The Renewed Motion to Suppress and Judge Chiarello’s Decision

On January 3, 2011, defendant filed a renewed motion to suppress under section 1538.5, subdivision (i). Defendant argued the search and seizure of

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his computer was invalid because the officers entered his home without a search warrant, his consent to the officers to take his computer was the direct result of the unlawful entry, and his consent was involuntary.

The motion was assigned to Judge Vincent Chiarello, who reviewed the transcript of the preliminary hearing and the taped encounter between the officers and Susanna Rodriguez, John Rodriguez (defendant’s father), and defendant.[2] Judge Chiarello summarized the pertinent facts as follows:

Susanna was the first to come to the door and speak with the detectives when they arrived at the house. She told the detectives several times during their conversation she wished to talk with her husband, John. At some point, Detective Nunes said to Susanna: “Here is the reality. We could go get a search warrant and come, you know, kick the door in and do it that way.” Susanna told the officers to give her a few moments, and she retreated back into the house after closing the door. Several minutes later, defendant came to the door and began speaking with the detectives. Nunes told defendant that “if we’re reaching a dead-end at this point, and then we have to start considering things like a search warrant and all that, which I think is unnecessary based on all we know.”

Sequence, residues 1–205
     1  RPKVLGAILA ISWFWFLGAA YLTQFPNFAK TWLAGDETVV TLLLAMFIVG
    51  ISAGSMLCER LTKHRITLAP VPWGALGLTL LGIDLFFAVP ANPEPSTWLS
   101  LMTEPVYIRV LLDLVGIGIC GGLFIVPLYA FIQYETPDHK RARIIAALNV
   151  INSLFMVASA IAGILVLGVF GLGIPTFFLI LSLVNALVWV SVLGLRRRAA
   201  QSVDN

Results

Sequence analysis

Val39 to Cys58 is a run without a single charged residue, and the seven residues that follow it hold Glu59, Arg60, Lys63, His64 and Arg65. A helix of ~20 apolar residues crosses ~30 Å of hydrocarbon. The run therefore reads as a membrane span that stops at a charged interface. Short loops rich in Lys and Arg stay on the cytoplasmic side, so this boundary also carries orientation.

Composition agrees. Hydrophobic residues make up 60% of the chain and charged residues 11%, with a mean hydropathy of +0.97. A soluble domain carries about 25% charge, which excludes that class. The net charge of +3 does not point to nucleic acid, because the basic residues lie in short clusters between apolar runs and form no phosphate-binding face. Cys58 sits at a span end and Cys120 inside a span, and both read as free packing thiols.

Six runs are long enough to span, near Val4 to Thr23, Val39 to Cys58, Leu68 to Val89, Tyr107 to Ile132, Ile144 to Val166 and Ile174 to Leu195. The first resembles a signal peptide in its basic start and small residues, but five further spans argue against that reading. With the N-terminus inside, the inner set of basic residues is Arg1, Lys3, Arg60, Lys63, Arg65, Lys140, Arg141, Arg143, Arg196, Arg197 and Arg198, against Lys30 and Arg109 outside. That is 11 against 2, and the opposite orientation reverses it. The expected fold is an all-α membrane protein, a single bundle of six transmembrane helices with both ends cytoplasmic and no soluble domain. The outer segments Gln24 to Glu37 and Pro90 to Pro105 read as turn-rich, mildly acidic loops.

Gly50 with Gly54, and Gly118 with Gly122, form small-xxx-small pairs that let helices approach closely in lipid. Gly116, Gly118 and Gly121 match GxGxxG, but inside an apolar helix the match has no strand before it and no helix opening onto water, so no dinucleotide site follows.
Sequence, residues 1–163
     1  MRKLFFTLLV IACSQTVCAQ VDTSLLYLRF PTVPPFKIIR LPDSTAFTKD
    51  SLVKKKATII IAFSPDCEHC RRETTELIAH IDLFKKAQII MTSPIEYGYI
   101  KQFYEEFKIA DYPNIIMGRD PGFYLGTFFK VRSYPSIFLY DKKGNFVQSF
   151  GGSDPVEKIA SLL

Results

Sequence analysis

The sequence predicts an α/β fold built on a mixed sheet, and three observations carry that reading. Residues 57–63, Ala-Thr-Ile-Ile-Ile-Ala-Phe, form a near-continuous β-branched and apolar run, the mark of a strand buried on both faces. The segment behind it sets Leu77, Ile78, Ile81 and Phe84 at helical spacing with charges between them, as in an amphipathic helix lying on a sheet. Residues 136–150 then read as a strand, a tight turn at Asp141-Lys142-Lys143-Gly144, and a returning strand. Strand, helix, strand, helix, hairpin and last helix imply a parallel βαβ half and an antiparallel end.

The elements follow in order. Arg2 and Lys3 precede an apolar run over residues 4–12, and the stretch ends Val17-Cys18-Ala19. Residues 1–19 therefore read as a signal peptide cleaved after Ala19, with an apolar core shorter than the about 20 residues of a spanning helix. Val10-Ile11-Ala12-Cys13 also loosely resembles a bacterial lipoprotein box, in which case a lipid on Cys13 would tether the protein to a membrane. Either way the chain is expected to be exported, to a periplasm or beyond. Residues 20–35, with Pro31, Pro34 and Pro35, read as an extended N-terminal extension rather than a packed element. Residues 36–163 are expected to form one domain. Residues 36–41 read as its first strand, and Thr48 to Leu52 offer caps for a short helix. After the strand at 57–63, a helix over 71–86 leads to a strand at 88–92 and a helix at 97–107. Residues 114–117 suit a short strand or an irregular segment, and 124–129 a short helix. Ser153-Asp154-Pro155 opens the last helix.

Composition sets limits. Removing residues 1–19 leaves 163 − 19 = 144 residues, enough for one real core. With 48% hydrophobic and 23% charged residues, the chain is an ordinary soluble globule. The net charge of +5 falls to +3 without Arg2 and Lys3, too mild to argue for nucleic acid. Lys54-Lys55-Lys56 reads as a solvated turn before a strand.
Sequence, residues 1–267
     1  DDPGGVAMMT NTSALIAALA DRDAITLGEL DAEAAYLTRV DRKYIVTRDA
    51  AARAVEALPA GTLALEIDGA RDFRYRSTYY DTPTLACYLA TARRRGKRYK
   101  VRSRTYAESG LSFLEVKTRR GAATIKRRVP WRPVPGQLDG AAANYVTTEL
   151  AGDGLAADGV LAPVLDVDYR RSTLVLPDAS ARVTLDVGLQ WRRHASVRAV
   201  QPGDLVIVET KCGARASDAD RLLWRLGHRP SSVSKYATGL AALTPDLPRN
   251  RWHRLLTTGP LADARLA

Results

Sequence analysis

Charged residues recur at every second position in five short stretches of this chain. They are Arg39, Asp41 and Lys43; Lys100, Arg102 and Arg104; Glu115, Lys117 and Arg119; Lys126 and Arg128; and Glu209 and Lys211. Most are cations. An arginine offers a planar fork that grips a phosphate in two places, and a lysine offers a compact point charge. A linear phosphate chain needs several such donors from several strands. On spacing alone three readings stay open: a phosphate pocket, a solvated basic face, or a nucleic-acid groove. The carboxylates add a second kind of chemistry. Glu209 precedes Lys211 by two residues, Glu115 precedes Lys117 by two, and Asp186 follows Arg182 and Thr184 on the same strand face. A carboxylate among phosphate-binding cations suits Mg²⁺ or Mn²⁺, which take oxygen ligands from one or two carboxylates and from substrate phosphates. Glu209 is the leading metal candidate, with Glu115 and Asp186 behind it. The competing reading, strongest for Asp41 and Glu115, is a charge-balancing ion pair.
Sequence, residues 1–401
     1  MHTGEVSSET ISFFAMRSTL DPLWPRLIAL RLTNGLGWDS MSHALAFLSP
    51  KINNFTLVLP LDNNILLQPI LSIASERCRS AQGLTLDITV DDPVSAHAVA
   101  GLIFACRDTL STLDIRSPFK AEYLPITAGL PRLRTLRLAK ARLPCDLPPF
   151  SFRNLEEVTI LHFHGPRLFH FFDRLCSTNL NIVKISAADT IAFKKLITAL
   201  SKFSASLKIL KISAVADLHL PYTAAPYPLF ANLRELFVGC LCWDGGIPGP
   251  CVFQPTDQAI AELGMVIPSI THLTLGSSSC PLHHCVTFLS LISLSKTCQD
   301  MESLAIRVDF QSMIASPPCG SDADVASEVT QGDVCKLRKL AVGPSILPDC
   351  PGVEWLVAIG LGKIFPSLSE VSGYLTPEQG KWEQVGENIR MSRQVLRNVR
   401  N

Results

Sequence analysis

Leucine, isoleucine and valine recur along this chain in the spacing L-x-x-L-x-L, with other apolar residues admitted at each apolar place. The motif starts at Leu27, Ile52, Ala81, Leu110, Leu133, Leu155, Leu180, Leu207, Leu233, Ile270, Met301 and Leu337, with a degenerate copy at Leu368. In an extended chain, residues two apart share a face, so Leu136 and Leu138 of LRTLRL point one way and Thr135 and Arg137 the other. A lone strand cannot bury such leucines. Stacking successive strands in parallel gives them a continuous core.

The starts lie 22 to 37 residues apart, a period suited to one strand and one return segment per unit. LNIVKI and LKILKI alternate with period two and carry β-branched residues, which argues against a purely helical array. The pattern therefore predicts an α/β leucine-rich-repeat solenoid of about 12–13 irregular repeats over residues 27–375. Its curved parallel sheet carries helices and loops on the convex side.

Chubon asked if he and Nunes could go inside the house. John expressly told the officers to stay outside. The officers continued to talk to John, Susanna, defendant, and defendant’s brother. Defendant told the detectives to remain outside, and Chubon asserted he was concerned defendant could return with a gun. At some point, Chubon followed defendant into the house. Nunes followed Chubon inside. John and the officers had a conversation about their presence in the home. Nunes then asked Chubon if she should call “Steve Fein and see if we have enough for a search warrant.” Chubon told Nunes to go ahead with the call, but John interjected and said it was not necessary. Later, defendant unplugged his computer and gave it to the detectives.

Based on this evidence, Judge Chiarello concluded the interaction between the officers and the family had been “tainted at the outset by the statement that the officers could go get a search warrant and come kick the door in and do it that way.” Judge Chiarello asserted the People had failed to prove that defendant’s consent to the search was free and voluntary, because his consent was the result of coercion or duress. Judge Chiarello distinguished the case from People v. McClure (1974) 39 Cal.App.3d 64 [113 Cal.Rptr. 815]. In McClure, the court concluded a statement that officers could pursue a search

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warrant “did not serve to vitiate appellant’s consent to search, since this statement threatened nothing more than what the officers had a legal right to do.” (Id. at p. 69.) Judge Chiarello remarked that unlike the McClure case, here “the officers at the outset explicitly threatened to come back and kick the door in, which they most certainly did not have the right to do with a search warrant, unless, as [the district attorney] pointed out, there were certain circumstances later on that justified that.”

Judge Chiarello granted the motion to suppress on May 2, 2011, and the case against ...